Carrying on in my series on what it takes to create literate students in the 21st century (as introduced in this blog post), I’d like to take this post to discuss the way we as teachers and as a society think about multimodal texts. A mode, in the words of Gunther Kress, “is a socially shaped and culturally given resource for making meaning. Image, writing, layout, music, gesture, speech, moving image, sountrack are examples of modes used in presentation and communication” (54). So, essentially, modes are systems we use to make and communicate meaning. We can make and share meaning through pictures, graphics, gesticulation, and any of the modes Kress lists above. A multimodal text is any composition that conveys meaning using multiple modes or nontraditional modes like the ones listed above.
When we engage in discussions about academic literacy and composition pedagogy, however, we are referring almost exclusively to the alphabetic, written mode. Generally, we view alphabetic texts as the most academic and rigorous forms of scholarship. Multimodal texts, texts that exceed the alphabetic, incorporating still or moving images, sound, color etc., are commonly viewed as less intellectual, less academic, and less scholarly.
Here is where I’m going to bring us right back to the NCTE 2013 definition of 21st century literacies, which states…
“Active, successful participants in this 21st century global society must be able to…
- Design and share information for global communities to meet a variety of purposes;
- Manage, analyze, and synthesize multiple streams of simultaneous information;
- Create, critique, analyze, and evaluate multimedia texts”
I’ve added the bolded words to make my point, which is essentially that our commonplace dismissal of all texts that are not alphabetic is, at the very least, up for questioning. The NCTE statement above lists flexibility and fluency in multimodal texts and textual design as necessary skills when defining literacy in the modern age. The NCTE actually has gone so far as to publish a statement specific to multimodal literacy; this statement gets into the complexities of meaning production in our current cultural climate, encouraging teachers to push students to read and write critically and skillfully in a wide variety of media.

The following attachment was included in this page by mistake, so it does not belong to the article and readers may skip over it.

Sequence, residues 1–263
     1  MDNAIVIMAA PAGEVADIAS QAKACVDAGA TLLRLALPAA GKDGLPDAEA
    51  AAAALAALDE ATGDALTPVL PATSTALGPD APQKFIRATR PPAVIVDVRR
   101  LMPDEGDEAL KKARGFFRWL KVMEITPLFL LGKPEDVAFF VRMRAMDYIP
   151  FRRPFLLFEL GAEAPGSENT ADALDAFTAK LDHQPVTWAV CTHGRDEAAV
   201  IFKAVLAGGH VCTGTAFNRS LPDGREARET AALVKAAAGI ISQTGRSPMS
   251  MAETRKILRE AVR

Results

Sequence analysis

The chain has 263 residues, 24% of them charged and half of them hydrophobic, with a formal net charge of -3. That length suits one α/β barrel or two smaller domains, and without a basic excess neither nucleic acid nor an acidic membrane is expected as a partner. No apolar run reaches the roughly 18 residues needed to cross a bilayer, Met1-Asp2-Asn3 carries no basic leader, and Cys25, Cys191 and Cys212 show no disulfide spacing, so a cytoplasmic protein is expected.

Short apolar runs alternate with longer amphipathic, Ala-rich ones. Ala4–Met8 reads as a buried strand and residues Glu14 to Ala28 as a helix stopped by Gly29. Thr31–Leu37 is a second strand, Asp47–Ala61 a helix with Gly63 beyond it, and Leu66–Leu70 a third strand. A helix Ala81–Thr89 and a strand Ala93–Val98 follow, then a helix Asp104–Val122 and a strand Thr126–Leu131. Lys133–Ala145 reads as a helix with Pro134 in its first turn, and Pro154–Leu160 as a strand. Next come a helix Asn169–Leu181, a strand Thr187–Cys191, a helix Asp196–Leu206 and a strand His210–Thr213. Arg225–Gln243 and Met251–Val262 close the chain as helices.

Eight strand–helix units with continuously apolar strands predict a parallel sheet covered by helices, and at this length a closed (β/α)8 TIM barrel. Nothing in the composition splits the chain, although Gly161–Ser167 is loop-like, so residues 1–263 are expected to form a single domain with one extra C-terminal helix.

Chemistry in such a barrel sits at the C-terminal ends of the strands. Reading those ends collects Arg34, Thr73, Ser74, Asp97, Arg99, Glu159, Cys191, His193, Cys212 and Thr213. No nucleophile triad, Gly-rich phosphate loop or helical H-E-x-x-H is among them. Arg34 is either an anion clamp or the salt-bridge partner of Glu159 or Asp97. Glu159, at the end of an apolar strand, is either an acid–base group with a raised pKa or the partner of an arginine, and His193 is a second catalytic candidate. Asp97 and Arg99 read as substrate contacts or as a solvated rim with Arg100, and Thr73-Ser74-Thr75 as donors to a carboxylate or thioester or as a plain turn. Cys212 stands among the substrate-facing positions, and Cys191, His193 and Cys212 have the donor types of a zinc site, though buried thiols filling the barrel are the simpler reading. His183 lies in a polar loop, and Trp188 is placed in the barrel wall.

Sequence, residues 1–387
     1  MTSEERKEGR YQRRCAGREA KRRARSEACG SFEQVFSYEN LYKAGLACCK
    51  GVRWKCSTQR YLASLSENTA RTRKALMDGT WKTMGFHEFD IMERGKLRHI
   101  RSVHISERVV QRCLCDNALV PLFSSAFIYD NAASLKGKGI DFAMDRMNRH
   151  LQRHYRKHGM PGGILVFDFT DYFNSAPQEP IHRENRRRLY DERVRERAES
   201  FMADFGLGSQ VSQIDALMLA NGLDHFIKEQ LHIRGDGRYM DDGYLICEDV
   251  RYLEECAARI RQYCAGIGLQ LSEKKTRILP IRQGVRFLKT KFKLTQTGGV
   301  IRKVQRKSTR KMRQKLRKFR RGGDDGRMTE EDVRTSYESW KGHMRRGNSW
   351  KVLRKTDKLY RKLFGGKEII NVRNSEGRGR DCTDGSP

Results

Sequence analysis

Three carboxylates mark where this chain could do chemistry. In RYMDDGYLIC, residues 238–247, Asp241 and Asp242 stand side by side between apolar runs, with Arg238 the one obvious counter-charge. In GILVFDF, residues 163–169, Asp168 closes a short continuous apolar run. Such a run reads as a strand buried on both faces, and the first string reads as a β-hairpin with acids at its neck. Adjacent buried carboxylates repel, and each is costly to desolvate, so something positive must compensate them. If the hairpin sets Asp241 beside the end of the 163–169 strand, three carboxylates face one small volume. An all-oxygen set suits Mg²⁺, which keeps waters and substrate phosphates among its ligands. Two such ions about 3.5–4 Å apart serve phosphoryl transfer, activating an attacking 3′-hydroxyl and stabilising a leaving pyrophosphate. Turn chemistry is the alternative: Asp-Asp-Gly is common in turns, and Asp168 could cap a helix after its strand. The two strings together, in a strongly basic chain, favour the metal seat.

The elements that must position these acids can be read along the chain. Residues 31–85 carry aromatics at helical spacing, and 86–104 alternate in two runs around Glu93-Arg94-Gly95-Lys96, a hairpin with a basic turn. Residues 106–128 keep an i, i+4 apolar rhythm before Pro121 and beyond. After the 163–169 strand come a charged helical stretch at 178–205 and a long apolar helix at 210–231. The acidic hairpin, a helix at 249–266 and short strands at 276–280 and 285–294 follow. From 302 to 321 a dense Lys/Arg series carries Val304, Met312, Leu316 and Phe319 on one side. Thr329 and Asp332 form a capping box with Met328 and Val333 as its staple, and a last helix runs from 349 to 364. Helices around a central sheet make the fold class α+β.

As an aside, in order to head off any confusion, for the purposes of this blog post as well as any others that may follow in this series, I am using the terms “multimodal” and “multimedia” interchangeably. Claire Lauer‘s article, “Contending with Terms: ‘Multimodal’ and ‘Multimedia’ in the Academic and Public Spheres,” analyzes the difference between these two terms, coming to the conclusion that “rather than the use of these terms being driven by any difference in their definitions, their use is more contingent upon the context and the audience to whom a particular discussion is being directed” (225). So, while I will stick mainly to the term “multimodal,” I am considering the term “multimedia” to be synonymous.
The NCTE is not the only voice challenging our culture’s dismissive view of the complexities and scholarship behind multimodal composition. Kress feels that the reliance that mainstream culture and society has on alphabetic language and scholarship “is a consequence of histories of power and misrecognition due to power” (67). Kress bases his point on sign-language; sign-language is a fully functioning, complex system for making meaning that does not use the alphabet in the least, but relies entirely on a system of symbolic gestures. Kress argues that, since sign language developed out of the necessity of the disabled community, it is not held in the same esteem as alphabetic language. Collin Gifford Brooke holds that “the composition classroom… with its slow and steady approach to writing, may not prepare students to seize upon” the impactful and trending potential that multimodal and digital writing has to offer (181). In her recent research, Cynthia Shanahan makes a point of saying that, when she refers to texts, she is “referring to a rather broad conception of that word, in that I refer to graphical or pictorial representations of ideas and spoken discourses as texts.” She clarifies that she does so because “often these representations may seem more accessible than written discourse but are deceptively abstruse” (143).
My general point here is merely that the casual disregard we have for texts that are composed in modes other than the alphabetic may be based more on cultural biases than on real reflections of scholarship, intellect, or complexity. If my point has any validity, it would follow that, in a modern high school classroom, our exclusive focus on alphabetic texts is not only limiting, but insufficient in the goal of creating literate students in the 21st century.
Brooke, Collin Gifford. “New Media Pedagogy.” A Guide to Composition Pedagogies. 2nd ed. NY: Oxford University Press, 2014. 177-193. Print.
Kress, Gunther. “What is mode?” The Routledge Handbook of Multimodal Analysis. Ed. by Carey Jewitt. USA: Routledge, 2010. 54-67. Print.
Lauer, Claire. “Contending with Terms: ‘Multimodal’ and ‘Multimedia’ in the Academic and Public Spheres.” Computers and Composition 26 (2006): 225-239. Web. 24 Feb 2015.
Shanahan, Cynthia. “Research in Multiple Texts and Text Support.” Adolescent Literacy in the Era of the Common Core. Cambridge, MA: Harvard Education Press, 2013. 143-162. Print.